- The Washington Times - Monday, March 29, 2004

A poll finds that 69 percent of American children lose sleep at least a few nights a week and that overall, youngsters are not getting the recommended amount of sleep for their respective age groups.

The poll, released today by the National Sleep Foundation (NSF), shows that children’s poor sleep habits adversely affect their parents or other adult caregivers, some of whom lose an estimated 200 hours of sleep per year.

The findings are based on telephone interviews conducted last fall among a random sample of 1,473 adults who have a child age 10 or younger living in their household. NSF is an independent nonprofit organization dedicated to understanding sleep and sleep disorders and to supporting sleep-related research, education and advocacy.

NSF’s 2004 “Sleep in America” poll is the organization’s seventh annual survey, but the first to examine children’s sleeping habits.

“Sleep is a vital asset for a child’s health and overall development, learning and safety,” said Richard L. Gelula, the foundation’s chief executive officer.

“Our new poll finds that many children are not sleeping enough, and many experience sleep problems. What is troublesome is that the problems start in infancy,” Mr. Gelula said.

Mr. Gelula added, “The poll also shows that parents are paying a price for their child’s poor sleep habits, getting less sleep than they feel they need for their own optimum performance.”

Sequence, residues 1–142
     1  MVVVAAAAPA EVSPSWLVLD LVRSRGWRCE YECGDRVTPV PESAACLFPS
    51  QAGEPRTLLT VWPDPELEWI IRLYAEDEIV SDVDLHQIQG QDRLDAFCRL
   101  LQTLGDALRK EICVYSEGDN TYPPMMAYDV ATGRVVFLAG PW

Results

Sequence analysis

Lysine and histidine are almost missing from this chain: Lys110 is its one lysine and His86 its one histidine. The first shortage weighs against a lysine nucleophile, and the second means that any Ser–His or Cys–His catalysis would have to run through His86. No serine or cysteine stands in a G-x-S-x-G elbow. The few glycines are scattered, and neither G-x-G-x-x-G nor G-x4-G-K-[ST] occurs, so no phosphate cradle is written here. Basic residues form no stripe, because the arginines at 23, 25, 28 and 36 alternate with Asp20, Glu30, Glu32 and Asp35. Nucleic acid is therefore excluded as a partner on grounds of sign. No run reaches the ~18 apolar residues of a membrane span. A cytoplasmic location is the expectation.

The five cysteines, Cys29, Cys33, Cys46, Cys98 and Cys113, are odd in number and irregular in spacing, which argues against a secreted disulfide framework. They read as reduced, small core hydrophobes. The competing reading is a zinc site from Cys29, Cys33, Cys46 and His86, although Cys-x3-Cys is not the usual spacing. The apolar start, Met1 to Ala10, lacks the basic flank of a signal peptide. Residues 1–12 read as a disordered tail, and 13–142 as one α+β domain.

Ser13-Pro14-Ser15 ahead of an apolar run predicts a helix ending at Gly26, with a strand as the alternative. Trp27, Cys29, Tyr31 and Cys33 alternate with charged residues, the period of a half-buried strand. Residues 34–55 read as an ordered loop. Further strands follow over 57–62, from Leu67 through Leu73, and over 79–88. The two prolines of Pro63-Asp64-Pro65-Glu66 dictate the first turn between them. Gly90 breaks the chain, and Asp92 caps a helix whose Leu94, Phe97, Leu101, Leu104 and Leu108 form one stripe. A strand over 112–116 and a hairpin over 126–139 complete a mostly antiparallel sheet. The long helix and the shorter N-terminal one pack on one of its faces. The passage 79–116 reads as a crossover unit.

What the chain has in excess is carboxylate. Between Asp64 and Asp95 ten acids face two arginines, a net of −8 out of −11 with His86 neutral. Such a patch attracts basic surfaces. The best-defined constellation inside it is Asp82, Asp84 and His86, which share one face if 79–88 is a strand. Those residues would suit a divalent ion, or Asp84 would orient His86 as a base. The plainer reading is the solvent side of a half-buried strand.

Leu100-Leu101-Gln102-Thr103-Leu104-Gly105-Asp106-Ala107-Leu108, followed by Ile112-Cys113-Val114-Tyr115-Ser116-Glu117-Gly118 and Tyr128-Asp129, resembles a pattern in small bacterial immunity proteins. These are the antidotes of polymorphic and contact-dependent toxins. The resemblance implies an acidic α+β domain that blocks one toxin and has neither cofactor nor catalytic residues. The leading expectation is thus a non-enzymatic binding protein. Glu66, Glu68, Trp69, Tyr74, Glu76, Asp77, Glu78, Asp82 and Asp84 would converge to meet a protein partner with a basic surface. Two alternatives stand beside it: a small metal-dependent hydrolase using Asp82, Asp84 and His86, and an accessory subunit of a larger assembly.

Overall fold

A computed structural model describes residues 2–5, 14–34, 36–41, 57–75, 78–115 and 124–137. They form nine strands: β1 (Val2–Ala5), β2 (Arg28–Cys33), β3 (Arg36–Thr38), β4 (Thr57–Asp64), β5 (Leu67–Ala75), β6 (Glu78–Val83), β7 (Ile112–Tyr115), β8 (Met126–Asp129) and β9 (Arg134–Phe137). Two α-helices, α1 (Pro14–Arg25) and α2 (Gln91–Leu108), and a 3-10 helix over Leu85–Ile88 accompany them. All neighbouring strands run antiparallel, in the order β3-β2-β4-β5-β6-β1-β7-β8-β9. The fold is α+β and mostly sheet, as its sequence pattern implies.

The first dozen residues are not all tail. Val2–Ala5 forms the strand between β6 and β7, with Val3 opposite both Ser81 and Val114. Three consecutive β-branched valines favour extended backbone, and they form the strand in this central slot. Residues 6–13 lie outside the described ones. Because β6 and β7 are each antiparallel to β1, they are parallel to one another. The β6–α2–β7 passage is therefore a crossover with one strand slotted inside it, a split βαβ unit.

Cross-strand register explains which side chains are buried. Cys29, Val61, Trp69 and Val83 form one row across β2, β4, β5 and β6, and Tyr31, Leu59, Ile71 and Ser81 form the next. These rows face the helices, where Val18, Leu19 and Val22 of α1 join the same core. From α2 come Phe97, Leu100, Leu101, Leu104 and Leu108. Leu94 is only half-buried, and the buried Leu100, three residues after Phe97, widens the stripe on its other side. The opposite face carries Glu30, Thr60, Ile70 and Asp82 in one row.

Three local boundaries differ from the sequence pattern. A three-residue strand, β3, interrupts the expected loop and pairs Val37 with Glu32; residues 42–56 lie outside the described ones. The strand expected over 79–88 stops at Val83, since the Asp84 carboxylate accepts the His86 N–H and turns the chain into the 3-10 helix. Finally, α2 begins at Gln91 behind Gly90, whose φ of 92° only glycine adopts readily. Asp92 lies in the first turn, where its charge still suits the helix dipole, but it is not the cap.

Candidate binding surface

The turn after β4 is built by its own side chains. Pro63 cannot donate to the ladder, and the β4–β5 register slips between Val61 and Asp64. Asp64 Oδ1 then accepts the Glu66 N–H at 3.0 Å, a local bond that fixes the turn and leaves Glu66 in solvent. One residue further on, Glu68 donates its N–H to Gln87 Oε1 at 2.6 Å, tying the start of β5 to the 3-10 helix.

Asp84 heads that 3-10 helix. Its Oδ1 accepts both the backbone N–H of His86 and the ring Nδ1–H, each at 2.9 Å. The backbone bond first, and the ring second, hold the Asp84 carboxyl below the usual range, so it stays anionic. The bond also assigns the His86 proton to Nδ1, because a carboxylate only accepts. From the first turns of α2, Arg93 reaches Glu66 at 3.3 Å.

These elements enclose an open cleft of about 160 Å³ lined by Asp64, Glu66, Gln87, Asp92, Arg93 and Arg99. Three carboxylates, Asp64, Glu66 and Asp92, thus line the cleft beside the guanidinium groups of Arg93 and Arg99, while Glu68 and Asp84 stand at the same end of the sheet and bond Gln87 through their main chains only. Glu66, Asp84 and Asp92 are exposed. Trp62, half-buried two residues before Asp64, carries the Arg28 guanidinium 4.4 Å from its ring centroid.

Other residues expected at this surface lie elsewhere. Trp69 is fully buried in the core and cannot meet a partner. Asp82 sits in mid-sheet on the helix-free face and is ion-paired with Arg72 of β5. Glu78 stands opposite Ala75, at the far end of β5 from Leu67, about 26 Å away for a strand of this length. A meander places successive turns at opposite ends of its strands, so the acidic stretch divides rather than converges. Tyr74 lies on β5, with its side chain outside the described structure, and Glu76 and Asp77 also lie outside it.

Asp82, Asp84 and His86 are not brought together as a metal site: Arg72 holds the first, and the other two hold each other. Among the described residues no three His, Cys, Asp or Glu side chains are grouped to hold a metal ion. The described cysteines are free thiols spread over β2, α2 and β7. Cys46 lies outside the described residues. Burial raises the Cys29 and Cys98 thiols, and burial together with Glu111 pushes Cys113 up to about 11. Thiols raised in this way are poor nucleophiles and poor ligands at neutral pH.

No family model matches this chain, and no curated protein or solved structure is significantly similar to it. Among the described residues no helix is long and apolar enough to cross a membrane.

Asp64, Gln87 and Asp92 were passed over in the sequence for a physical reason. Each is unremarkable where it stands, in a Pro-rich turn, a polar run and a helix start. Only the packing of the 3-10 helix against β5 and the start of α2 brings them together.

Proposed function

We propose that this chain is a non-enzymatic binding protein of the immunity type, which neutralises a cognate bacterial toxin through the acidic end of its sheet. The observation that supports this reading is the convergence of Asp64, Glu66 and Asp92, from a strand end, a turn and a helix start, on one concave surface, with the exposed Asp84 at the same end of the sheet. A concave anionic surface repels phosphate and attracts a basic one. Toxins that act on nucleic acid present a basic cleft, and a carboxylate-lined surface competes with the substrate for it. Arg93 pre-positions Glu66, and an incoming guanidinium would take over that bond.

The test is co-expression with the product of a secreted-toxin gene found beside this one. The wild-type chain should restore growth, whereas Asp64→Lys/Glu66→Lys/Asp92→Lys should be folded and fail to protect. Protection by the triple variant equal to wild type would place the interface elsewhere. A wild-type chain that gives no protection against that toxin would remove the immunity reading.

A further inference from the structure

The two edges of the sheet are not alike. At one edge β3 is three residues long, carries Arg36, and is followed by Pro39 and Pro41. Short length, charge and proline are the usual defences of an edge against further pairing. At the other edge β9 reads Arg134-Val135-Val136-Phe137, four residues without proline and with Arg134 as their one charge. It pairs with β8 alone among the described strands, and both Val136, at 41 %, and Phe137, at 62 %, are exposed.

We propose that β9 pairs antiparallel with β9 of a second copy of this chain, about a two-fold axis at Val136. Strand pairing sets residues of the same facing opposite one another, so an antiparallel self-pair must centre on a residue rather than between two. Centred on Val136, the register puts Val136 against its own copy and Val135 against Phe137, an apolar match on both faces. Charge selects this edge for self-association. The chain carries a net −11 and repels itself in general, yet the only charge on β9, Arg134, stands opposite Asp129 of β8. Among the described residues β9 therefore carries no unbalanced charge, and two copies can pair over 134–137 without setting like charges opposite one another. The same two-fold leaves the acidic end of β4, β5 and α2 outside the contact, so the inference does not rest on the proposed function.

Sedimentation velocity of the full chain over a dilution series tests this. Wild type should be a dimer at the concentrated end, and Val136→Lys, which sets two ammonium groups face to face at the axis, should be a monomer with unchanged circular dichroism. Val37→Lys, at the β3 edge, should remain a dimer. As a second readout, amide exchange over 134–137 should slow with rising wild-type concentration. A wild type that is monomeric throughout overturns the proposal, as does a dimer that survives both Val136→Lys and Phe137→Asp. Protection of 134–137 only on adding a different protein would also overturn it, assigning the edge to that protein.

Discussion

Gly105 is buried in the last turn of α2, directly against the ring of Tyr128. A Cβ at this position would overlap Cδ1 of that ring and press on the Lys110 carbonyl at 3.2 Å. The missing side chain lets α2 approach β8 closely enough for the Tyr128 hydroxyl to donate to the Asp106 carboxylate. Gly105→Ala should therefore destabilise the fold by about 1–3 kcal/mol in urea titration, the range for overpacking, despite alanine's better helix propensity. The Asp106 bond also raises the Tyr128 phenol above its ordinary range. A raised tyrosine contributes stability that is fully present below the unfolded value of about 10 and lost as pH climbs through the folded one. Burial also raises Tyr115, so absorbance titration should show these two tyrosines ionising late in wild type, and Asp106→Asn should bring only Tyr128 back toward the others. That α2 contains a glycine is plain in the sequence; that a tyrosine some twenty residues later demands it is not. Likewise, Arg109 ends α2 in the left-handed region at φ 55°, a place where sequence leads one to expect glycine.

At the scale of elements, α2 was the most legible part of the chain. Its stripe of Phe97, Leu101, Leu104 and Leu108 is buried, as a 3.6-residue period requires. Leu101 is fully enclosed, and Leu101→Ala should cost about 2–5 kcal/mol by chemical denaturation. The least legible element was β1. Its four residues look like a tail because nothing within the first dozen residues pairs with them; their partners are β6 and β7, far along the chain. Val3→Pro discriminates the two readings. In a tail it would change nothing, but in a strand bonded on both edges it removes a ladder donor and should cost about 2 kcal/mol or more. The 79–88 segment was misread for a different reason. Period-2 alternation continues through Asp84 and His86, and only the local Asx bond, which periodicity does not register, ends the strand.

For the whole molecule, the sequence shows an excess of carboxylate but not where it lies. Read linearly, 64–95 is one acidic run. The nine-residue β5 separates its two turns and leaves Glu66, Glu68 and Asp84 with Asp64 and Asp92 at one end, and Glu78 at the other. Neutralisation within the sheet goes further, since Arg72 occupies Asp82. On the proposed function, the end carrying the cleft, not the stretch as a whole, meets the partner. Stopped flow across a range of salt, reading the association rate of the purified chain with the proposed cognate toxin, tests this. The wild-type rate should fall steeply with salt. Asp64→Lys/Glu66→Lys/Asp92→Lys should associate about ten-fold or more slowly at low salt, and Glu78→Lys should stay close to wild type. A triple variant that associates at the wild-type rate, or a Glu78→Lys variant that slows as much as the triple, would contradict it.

Sleep specialists said the problem of sleep deprivation is growing, but too few people — including parents — take it seriously.

A British study released Friday found that 20 percent of youngsters in the United Kingdom get between two and five hours less of sleep nightly than their parents did as children, losing up to one month a year.

Oxford University researchers involved in that study said children are compromising their mental and physical health and their academic achievement because they get so little sleep. Lack of sleep, they said, can affect a child’s immune function and growth, as well as memory, concentration and reaction time.

The 2004 “Sleep in America” poll finds that, on average, children in every age group don’t even meet the low end of the range that specialists recommend for sleep during a 24-hour period.

The poll also shows that many children do not catch up on their sleep on weekends. In fact, it found that about a quarter of preschool and school-age youngsters actually sleep less on weekends than on weekdays.

Nearly 70 percent of children have frequent sleep problems. Common troubles include difficulty falling asleep, night wakings, stalling and resisting going to bed, snoring, having trouble breathing and loud or heavy breathing while sleeping. The children’s sleep difficulties affect their performance the next day.

Parents who were interviewed said at least 30 percent of all children were waking up at least once a night needing attention, including 14 percent of school-age children. Parents also said 30 percent of school-age children had trouble waking up in the morning and 25 percent of infants, toddlers and preschoolers appeared sleepy or overtired the next day.

Culprits responsible for reducing the sleep time of children in the United States are some of the same ones cited in a British study called “Sleep in America.” Oxford researchers blamed the presence of television, computers and other forms of electronic entertainment in children’s bedrooms for contributing to less-structured and less-calming bedtimes than those when parents used to read their children to sleep.

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